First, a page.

Home / Hunter Thompson and PJ O’Rourke: The limitations and influence of HST

Hunter Thompson and PJ O’Rourke: The limitations and influence of HST

Please Share...Print this pageTweet about this on TwitterShare on Facebook0Share on Google+0Pin on Pinterest0Share on Tumblr0Share on StumbleUpon0Share on Reddit0Email this to someone

Hunter S Thompson was a one trick pony. He did a fairly amusing trick, but it was pretty limited. It went something like this: Get journalistic assignment to cover a political campaign. Get really wasted on as many exotic chemicals as you can lay hands to. Engage in confrontational drunk and disorderly conduct and make a nuisance of yourself. Write it all down, with some made up crap thrown in to make it extra colorful. Add some dark, broad predictions of an apocalypse, and you’ve hit literary pay dirt. Oh, and if you can shoehorn in some kind of a quote from the candidate who is the nominal subject of your diatribe, that would probably be considered good form. [“Remember Alice? This is a song about Alice.”]

Boy howdy, did this approach get O-L-D with a quickness. It could be entertaining in a Rolling Stone article, but was not near enough to carry a real book. And that was in the 60s and 70s. He was still writing the same article again and again to the very end. From an ESPN column “Welcome to the Big Darkness” dated July 22, 2003:

The American nation is in the worst condition I can remember in my lifetime, and our prospects for the immediate future are even worse. I am surprised and embarrassed to be a part of the first American generation to leave the country in far worse shape than it was when we first came into it. Our highway system is crumbling, our police are dishonest, our children are poor, our vaunted Social Security, once the envy of the world, has been looted and neglected and destroyed by the same gang of ignorant greed-crazed bastards who brought us Vietnam, Afghanistan, the disastrous Gaza Strip and ignominious defeat all over the world.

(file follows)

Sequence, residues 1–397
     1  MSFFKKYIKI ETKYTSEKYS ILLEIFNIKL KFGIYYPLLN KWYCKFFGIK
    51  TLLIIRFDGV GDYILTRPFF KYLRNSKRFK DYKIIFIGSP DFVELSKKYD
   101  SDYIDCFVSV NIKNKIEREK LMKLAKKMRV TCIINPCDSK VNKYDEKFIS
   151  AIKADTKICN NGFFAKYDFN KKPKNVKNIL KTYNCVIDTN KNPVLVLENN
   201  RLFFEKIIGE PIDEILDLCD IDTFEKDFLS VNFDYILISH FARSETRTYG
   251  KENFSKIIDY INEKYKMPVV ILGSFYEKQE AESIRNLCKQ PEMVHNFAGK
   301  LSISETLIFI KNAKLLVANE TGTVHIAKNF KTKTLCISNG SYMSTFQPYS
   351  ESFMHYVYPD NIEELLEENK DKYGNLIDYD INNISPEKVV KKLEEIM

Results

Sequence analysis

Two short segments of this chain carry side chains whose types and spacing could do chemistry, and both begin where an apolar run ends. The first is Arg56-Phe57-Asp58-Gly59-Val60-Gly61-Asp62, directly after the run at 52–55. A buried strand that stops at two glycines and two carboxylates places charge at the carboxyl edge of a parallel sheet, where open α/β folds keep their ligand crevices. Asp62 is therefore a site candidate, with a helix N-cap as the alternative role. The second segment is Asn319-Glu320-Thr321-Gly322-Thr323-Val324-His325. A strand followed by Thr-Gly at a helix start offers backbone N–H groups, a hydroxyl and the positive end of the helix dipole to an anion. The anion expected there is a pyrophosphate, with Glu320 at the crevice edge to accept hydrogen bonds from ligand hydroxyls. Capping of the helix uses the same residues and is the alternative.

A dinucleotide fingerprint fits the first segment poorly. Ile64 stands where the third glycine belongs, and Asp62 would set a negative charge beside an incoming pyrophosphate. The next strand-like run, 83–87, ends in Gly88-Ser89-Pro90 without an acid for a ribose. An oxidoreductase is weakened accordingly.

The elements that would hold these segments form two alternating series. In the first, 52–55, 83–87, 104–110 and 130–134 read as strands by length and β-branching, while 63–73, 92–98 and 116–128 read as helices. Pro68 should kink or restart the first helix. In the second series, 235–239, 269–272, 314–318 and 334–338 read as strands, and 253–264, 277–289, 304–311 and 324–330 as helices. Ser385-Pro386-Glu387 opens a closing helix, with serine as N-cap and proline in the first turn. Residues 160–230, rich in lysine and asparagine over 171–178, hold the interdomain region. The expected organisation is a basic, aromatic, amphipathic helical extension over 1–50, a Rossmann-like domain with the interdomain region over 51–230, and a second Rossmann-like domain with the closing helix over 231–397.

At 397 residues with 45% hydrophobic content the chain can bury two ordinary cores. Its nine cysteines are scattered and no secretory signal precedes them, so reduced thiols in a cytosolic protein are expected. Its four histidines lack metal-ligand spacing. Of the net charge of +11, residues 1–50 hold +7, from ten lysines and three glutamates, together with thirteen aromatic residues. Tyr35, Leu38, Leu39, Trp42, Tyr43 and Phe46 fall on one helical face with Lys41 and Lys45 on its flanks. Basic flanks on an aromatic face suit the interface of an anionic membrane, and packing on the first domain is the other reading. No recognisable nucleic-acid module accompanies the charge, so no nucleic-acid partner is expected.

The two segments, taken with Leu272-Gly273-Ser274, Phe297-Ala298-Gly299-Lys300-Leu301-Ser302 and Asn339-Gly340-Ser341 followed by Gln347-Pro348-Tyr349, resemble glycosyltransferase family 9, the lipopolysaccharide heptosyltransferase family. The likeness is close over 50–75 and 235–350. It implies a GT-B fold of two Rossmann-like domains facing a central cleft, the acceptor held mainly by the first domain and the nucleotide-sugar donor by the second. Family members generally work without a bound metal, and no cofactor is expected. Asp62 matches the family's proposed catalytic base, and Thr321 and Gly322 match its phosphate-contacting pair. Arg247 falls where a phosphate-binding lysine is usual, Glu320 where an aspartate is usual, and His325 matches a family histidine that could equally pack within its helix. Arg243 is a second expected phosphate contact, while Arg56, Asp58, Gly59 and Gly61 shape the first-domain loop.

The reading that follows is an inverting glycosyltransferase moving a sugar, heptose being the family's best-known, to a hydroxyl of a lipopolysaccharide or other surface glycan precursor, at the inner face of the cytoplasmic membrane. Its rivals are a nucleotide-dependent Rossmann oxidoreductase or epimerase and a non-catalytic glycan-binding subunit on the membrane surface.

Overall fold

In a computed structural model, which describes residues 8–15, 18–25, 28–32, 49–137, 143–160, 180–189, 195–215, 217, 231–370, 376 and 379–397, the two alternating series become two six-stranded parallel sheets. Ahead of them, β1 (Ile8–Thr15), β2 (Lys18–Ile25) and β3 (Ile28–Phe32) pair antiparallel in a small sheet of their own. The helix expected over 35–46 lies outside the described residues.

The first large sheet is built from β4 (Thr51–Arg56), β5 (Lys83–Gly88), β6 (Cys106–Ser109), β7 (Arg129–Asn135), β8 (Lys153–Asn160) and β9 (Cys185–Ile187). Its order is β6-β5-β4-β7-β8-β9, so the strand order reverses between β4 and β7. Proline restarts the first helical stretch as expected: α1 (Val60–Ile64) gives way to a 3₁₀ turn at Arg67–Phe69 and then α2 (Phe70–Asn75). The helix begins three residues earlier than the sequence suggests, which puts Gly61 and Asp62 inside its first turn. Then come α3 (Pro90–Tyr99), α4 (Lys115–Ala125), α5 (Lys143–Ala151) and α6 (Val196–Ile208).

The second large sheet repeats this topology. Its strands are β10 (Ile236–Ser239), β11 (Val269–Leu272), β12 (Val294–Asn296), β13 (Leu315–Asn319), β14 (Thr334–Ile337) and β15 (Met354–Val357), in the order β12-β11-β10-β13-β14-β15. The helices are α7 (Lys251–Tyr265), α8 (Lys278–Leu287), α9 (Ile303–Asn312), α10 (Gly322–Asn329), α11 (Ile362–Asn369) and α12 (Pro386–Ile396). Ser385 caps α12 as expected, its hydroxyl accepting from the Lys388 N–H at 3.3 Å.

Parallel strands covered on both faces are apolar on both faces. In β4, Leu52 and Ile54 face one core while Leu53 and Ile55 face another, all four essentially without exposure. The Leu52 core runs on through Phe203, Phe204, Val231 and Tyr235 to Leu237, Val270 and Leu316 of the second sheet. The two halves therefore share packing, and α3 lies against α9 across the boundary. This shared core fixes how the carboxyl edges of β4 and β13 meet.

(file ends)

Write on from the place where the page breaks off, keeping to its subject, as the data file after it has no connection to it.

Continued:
The Stock Market will never come back, our Armies will never again be No. 1, and our children will drink filthy water for the rest of our lives.

The Bush family must be very proud of themselves today, but I am not. Big Darkness, soon come. Take my word for it.

Note the utter lack of actually saying anything. There’s no indication of exactly what which specific “greed-crazed bastards” have actually done to screw the pooch. Indeed, it’s an utterly generic screed with no active connection to any particular facts. He could have substituted “Nixon” for “Bush” and dated in 1970. He could have said “Clinton” and dated it in the 90s.

Essentially, Hunter Thompson was the literary precursor of punk rock. It made a pretty big splash, but there was nowhere for the purebreds’ uncut nihilism to go. The Sex Pistols knocked ’em dead with Never Mind the Bullocks, but the rejection of all values (particularly journalism and musicianship) left them with no follow up.

The logical extension of the Sex Pistols style and worldview left them needing the suicide of Sid Vicious to legitimize their work, and give it one final shock. It was the big, final publicity stunt. Likewise, obviously, with Hunter Thompson. There’s not much place else to go after “Big Darkness, soon come.” Note that this comes out a command rather than a prediction. Where else could this end but with his brains splashed on the wall?

As amusing as Thompson could be in his prime (if you didn’t think about where it was inevitably headed), he was still intellectual junk food. You sure couldn’t use Fear and Loathing on the Campaign Trail 1972 as any kind of history book about the presidential campaign of 1972. There was a minimum of any kind of actual relevant facts, and there’s a good chance that he’d made half of them up anyway.

Did I mention that Thompson liked to just make crap up? McGovern campaign manager Frank Mankiewicz described Fear and Loathing on the Campaign Trail 1972 as “the least factual, but most accurate” account of the race. Many liberal supporters have defended Thompson likewise as expressing truth that transcended his frequent and purposeful dishonesty. Riiiiight. Is a detailed explanation of the extreme weakness of this position really necessary?

Nor did his work provide any kind of philosophical insight into “the death of the American dream.” Hunter Thompson seeing big winged bats because he’s taken too many hallucinogenic drugs does not qualify as any statement on where things went wrong in the country- unless you’re taking it as commentary on the scourge of drug abuse. It’s just fairly clever masturbation.